The election for the president of the Liberal Democratic Party (LDP), the ruling party of Japan, was held on Sept. 29. The winner, Fumio Kishida, became Japan’s 100th prime minister, following the resignation of predecessor Yoshihide Suga.
In the first round of voting none of the four candidates received more than half of the votes, and the top and second candidates, Fumio Kishida, and Taro Kono competed in a second round of voting. Seiko Noda and Sanae Takaichi were both eliminated in the first round, each losing the chance to become the first female prime minister in Japanese history.
Kishida, 64, is only six years older than Taro Kono, and the two men are seen as representing stability and change respectively. Taro, who studied in the United States, speaks fluent English, and uses social media well with more than 2.3 million followers on Twitter.
He has enjoyed support by the LDP House of Representatives, which he has been elected to seven times and has consistently attracted younger voters. His platform promised reform and advocated for the abandonment of nuclear weapons and rejected the opposition to a female emperor.
In contrast, Fumio Kishida, who has a more conservative demeanor and has the support of more senior party members.
As the LDP currently holds the majority of seats in the Senate and the House of Representatives, Fumio’s ascension to president was all but guaranteed. Kishida will be the 27th president elected from the Liberal Democratic Party.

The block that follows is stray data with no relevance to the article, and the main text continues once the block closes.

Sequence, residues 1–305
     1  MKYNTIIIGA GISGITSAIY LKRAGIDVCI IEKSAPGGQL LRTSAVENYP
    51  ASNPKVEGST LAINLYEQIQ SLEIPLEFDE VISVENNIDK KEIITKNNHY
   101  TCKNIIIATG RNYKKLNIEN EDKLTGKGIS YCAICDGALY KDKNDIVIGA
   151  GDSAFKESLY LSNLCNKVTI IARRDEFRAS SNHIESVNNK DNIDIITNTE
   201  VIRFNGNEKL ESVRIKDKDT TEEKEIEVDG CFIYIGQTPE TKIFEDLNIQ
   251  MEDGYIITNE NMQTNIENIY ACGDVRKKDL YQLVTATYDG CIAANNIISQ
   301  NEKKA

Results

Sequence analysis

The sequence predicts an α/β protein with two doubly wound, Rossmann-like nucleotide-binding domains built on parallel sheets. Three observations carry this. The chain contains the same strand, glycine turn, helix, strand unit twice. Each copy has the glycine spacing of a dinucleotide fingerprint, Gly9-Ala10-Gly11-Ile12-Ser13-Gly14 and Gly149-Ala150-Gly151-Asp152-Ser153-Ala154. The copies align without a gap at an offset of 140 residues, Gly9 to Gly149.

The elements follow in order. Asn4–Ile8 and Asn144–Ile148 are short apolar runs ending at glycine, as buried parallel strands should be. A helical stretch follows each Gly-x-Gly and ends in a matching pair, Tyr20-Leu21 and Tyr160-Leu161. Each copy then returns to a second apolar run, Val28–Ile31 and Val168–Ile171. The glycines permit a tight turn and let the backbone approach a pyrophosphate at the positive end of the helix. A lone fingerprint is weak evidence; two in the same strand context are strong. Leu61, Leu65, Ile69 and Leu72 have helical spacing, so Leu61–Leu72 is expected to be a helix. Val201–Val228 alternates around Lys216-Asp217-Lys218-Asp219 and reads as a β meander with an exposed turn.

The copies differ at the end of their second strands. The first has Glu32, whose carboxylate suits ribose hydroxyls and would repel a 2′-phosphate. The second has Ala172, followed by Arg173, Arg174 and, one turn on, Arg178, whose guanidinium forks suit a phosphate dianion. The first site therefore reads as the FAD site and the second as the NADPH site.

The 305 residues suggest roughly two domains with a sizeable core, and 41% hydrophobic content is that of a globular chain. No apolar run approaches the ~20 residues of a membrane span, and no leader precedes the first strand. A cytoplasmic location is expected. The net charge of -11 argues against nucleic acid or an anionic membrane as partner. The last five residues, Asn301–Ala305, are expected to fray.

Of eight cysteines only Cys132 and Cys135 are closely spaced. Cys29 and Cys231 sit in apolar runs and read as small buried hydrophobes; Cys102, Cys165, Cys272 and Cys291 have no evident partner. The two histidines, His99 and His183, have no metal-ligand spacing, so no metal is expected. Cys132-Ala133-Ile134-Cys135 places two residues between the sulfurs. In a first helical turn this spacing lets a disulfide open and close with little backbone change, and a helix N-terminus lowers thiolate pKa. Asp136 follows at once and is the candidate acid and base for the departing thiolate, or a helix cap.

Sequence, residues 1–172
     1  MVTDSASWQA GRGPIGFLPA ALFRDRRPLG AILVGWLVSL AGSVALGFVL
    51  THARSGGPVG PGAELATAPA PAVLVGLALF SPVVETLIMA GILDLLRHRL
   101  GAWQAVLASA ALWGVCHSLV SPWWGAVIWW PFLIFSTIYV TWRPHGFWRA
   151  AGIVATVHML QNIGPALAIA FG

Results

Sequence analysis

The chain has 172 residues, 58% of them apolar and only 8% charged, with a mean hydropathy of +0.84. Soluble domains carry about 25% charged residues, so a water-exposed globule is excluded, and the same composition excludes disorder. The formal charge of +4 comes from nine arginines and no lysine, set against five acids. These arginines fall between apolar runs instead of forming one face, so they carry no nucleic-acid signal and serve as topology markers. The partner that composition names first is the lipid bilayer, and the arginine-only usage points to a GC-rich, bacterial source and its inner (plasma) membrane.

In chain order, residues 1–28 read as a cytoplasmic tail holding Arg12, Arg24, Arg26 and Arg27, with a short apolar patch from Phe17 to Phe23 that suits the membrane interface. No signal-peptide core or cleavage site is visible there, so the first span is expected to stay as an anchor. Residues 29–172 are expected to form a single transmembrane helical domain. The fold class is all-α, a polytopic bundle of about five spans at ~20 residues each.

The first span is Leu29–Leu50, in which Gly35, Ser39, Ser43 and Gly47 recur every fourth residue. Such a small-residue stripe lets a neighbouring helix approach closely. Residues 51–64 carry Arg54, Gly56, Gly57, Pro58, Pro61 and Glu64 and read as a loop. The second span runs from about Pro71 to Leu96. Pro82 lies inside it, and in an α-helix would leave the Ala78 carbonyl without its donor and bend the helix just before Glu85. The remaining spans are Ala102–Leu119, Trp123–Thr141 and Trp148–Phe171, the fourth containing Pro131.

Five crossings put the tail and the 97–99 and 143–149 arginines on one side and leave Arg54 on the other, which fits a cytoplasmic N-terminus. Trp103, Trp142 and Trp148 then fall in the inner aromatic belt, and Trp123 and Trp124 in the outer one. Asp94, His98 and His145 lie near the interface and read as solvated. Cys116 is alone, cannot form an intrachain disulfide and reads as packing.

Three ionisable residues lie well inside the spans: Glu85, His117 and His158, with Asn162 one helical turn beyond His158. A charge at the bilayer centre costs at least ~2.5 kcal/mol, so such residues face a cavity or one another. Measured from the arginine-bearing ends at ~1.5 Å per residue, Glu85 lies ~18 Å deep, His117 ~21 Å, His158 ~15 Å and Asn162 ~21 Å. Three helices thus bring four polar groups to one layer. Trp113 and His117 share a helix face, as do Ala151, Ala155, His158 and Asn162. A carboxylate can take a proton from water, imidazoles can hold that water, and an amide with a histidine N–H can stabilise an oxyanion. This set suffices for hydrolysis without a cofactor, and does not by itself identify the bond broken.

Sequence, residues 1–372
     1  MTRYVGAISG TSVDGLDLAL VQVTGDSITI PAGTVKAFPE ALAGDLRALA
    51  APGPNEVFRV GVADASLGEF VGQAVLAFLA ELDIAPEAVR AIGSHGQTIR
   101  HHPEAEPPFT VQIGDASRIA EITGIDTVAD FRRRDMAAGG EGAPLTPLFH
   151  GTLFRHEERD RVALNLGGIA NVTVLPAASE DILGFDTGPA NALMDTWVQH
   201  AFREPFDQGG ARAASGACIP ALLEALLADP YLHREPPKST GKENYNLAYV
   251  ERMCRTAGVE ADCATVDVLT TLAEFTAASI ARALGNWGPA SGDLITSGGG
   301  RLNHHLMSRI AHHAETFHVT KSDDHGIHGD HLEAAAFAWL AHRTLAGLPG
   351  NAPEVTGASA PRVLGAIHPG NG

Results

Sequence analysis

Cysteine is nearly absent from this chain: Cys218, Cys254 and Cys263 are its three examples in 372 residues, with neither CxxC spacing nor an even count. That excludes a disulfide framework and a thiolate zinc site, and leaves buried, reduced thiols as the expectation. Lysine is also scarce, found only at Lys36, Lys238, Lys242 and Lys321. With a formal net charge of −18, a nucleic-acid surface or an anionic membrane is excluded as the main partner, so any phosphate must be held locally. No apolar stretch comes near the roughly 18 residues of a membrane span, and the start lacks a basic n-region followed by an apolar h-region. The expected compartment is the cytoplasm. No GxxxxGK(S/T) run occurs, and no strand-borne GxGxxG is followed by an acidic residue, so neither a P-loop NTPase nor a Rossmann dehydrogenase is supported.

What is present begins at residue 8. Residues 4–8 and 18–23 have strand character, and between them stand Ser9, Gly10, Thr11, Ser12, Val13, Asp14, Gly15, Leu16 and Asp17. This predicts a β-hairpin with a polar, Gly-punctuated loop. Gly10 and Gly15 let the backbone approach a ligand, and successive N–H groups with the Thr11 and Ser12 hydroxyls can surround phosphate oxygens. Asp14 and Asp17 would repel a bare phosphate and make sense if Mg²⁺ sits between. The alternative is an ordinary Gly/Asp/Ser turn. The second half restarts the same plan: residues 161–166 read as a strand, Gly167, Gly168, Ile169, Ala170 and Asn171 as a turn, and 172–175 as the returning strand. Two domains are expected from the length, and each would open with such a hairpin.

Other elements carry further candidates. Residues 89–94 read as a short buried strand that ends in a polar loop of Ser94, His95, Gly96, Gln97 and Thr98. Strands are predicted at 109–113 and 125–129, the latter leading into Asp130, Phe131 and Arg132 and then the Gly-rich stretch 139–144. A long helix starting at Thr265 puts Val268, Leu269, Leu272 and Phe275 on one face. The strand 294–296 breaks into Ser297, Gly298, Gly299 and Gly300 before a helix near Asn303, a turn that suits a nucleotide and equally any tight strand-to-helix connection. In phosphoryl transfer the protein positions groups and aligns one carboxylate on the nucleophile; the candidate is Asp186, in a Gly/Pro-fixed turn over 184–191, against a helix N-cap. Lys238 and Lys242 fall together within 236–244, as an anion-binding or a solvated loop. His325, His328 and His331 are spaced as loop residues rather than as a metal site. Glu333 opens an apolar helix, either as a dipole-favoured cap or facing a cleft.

Kishida is considered to be pro-Taiwan. In a recent interview, he bluntly stated that managing issues around the Taiwan Strait, particularly in regards to mainland China, will be the prime minister’s first priority.
On Oct. 4, Taiwan President Tsai Ing-wen congratulated Kishida and his cabinet via Twitter. She expressed her hope to work with Kishida and to deepen friendly relations between Taiwan and Japan and to “continue to strengthen ties as fellow democratic countries.”
On Oct 6, Sanae Takaichi, the new chair of the Japanese ruling parties Policy Research Council endorsed Taiwan’s application to join the Comprehensive and Progressive Agreement for Trans-Pacific Partnership (CPTPP) stating in a meeting with party lawmakers, “I will support Taiwan’s efforts as a partner with shared values.”
Several Japanese officials have come forward welcoming Taipei’s bid to join the trade pact, previously known as the TPP, indicating a willingness, if not eagerness, to work with Taiwan.
Kishida was the first to say that after being elected prime minister of Japan, he would set up special officials for human rights and economic security to be in charge of Xinjiang and Hong Kong.
In addition, he said he would also pay attention to Xinjiang and Hong Kong and other human rights issues created by the Chinese Communist Party (CCP).
Moreover, he said he would protect Japan against China that has been known to exploit Japan’s science, technology and economy.
Todd Crawford contributed to this report.